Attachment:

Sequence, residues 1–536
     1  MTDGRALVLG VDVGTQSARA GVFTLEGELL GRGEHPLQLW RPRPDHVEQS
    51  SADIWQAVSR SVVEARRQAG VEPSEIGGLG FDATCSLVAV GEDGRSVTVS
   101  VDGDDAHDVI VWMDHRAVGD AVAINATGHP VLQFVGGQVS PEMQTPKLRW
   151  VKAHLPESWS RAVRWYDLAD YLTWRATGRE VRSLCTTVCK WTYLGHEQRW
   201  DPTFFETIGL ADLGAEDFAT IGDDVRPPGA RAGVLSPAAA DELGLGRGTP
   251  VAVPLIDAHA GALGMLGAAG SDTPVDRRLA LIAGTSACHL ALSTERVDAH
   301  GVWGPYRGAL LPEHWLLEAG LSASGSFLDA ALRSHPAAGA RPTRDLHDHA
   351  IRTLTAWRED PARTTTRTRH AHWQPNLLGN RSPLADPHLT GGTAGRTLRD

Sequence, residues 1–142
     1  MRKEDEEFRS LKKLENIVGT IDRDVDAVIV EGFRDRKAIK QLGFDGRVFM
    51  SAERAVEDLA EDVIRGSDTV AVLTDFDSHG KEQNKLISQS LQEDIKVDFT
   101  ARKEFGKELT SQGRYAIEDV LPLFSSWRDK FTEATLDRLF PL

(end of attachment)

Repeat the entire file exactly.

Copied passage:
Sequence, residues 1–536
     1  MTDGRALVLG VDVGTQSARA GVFTLEGELL GRGEHPLQLW RPRPDHVEQS
    51  SADIWQAVSR SVVEARRQAG VEPSEIGGLG FDATCSLVAV GEDGRSVTVS
   101  VDGDDAHDVI VWMDHRAVGD AVAINATGHP VLQFVGGQVS PEMQTPKLRW
   151  VKAHLPESWS RAVRWYDLAD YLTWRATGRE VRSLCTTVCK WTYLGHEQRW
   201  DPTFFETIGL ADLGAEDFAT IGDDVRPPGA RAGVLSPAAA DELGLGRGTP
   251  VAVPLIDAHA GALGMLGAAG SDTPVDRRLA LIAGTSACHL ALSTERVDAH
   301  GVWGPYRGAL LPEHWLLEAG LSASGSFLDA ALRSHPAAGA RPTRDLHDHA
   351  IRTLTAWRED PARTTTRTRH AHWQPNLLGN RSPLADPHLT GGTAGRTLRD

Sequence, residues 1–142
     1  MRKEDEEFRS LKKLENIVGT IDRDVDAVIV EGFRDRKAIK QLGFDGRVFM
    51  SAERAVEDLA EDVIRGSDTV AVLTDFDSHG KEQNKLISQS LQEDIKVDFT
   101  ARKEFGKELT SQGRYAIEDV LPLFSSWRDK FTEATLDRLF PL